Iranian cuisine is directly dependent on the geographical location of the country; its food resembles a cross between Greek and Indian cuisines. However, Iranian cuisine is more varied than Greek cuisine and less spicy than Indian cuisine.
Modern Persian cuisine still has not forgotten its ancient origins. Its main ingredients are rice, bread, fresh vegetables, fruits and herbs. The meat, usually lamb or mutton, is cut into small pieces and cooked in a small amount of fat, but it rarely dominates the table.
The classic breakfast consists of tea with milk, bread and butter, fruit preparations, white Iranian unsalted cheese – plain or with candied walnuts, eggs (hard boiled or bagged) or scrambled eggs, apples or grapes in summer, oranges and tangerines in winter. In a simplified version, Iranians across the country eat bread and cheese and tea for breakfast.
In the east of Iran, where summers are very hot and dry, only fresh fruits are eaten in the morning, and where there are frosts in winter, hot porridge is eaten. Iranian cuisine cannot be imagined without bread. Bread is served here most often of three types. Sangam is a bread baked on stones, it has a flat rectangular shape with a rounding at one end.
Lavish is flat thin cakes. The most delicious type of bread here is barbaric (sesame cakes), the recipe for such bread was brought to Iran a long time ago. Separately, it is worth mentioning Fig. In Iran, they eat a lot of it, even a lot. It is a side dish for most dishes. For cooking, Iranians choose crumbly long-grain rice. It is served on a separate plate, and this dish usually looks like this: white rice is sprinkled on top with yellow rice cooked separately with curry or saffron.
Among the most notable Iranian dishes in which this cereal is used, it is worth noting rice with meat and vegetables in walnut sauce and many recipes for Iranian pilaf. The lion’s share of Iranian cuisine recipes is devoted to cooking meat dishes, the most popular of which is “august”. This dish is made with meat, beans and vegetables. The recipe for the dish may vary by additives. So, for example, it becomes truly extraordinary if you add quince to it.
The main meal takes place at approximately 13:00 in the afternoon. Lunch usually starts with a salad or a plate of fresh vegetables such as onion, radish, basil, mint and coriander. Rice with meat and vegetables is served as the main dish, very often rice is flavored with curry seasoning.
Eggplant, okra, spinach, quince, celery can also be served for lunch, together with chicken, duck, lamb or pheasant meat.
This dish consists of chemo (steamed rice) and kebab (skewers with pieces of lamb, veal or beef, or minced meat, all marinated with saffron, onions, yogurt and lime juice). In addition, an integral part of the chemo-kebab is fried tomatoes and fresh onions.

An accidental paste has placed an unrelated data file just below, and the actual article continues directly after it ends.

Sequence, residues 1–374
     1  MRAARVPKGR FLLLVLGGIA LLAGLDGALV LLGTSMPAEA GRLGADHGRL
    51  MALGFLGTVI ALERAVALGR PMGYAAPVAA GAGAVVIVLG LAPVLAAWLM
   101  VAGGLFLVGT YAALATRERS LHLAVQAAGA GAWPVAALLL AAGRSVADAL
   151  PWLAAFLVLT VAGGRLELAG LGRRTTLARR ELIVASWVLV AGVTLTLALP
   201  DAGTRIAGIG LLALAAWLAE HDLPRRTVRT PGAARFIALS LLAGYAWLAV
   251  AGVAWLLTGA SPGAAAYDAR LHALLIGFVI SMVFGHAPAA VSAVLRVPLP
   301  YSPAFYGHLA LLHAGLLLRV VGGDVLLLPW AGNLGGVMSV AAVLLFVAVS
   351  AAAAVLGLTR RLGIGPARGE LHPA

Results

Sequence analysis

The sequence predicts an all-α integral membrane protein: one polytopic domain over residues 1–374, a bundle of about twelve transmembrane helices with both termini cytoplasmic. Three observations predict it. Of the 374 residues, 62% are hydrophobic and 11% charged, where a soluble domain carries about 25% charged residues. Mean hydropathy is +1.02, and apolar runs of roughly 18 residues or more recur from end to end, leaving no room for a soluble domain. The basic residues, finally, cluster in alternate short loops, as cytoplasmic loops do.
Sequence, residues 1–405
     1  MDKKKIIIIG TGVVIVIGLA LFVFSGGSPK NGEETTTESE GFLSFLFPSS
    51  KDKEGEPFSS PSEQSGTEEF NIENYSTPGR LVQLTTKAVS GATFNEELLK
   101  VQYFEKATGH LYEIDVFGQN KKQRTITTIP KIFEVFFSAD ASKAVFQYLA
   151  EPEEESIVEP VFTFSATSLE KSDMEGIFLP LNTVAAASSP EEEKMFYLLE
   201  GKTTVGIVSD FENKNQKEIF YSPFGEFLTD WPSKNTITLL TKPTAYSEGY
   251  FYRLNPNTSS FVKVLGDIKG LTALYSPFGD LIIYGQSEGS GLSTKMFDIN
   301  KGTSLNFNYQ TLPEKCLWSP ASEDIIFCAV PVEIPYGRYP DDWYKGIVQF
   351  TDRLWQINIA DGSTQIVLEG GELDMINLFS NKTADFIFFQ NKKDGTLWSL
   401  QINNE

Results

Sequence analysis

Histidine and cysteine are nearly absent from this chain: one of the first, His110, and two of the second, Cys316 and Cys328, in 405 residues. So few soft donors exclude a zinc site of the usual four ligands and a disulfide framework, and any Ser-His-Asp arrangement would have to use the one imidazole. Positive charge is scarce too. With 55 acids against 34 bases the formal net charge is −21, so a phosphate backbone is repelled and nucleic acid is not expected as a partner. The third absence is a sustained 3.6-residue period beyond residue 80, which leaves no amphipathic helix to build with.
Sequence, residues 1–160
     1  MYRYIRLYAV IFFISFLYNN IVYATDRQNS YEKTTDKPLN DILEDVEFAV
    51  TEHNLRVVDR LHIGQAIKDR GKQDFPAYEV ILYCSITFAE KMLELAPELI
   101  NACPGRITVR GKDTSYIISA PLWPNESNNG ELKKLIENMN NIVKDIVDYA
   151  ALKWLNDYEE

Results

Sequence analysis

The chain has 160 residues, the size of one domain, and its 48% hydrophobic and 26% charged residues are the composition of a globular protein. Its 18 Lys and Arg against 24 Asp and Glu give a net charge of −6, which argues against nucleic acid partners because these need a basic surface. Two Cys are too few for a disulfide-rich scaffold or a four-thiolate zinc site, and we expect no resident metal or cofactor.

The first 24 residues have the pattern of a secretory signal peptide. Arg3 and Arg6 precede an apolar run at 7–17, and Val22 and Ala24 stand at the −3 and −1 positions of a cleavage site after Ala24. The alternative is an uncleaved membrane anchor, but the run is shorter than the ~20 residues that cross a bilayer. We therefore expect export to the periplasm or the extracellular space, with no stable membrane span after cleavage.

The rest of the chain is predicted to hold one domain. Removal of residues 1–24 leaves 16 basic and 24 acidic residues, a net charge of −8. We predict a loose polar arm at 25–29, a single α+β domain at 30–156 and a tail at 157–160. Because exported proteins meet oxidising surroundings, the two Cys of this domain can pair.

Rice is sprinkled with turmeric powder, and butter and egg yolk are added to it. The dish is served with various types of yoghurt sauces or vegetables marinated in vinegar.
Iranian cuisine is very popular for its sweets, which are also served at lunchtime. The influence of Persia on neighboring countries in cooking has always been noticeable, which is very clearly seen in the example of confectionery, which is still exported to neighboring countries.
First of all, these are sweets, such as baklava (baklava), got tab and pasha, which appeared in Yazd in eastern Iran; kolache (rice cake) from Hamadan in the western part of it, gaze (white nougat) from the city of Isfahan in the very center of Iran, nane-komadzh from Shiraz in the southwest and Balogh from Kerman in the southeast.
Dinner is usually light, consisting of leftovers from the midday meal, or for dinner, some bread, cheese, fruit, and tea are served.
Restaurants in Iran are very common, even in small towns there are a lot of them. And also in the cities there are a huge number of tea houses that can be visited at any time of the day.
Alcoholic drinks are officially banned in Iran because it is an Islamic republic. However, the drinking of alcoholic beverages is still widely practiced.
The main alcoholic beverage is vodka, which is distilled from grains, grapes, or, more commonly, raisins. Only men drink alcohol, most often it happens on holidays, but it also happens just in the evenings.
Several foods are traditional for New Year’s celebrations. During the fast Islamic month of Ramadan, people do not eat any food from sunrise to sunset. Families wake up before dawn to eat nutritious breakfasts, after which you can not feel hungry for at least half a day. The process is repeated at sunset. Usually they eat special crunchy sweets made from yogurt dough and soaked in a special syrup.
When sheep are slaughtered, it is customary to treat neighbors with meat.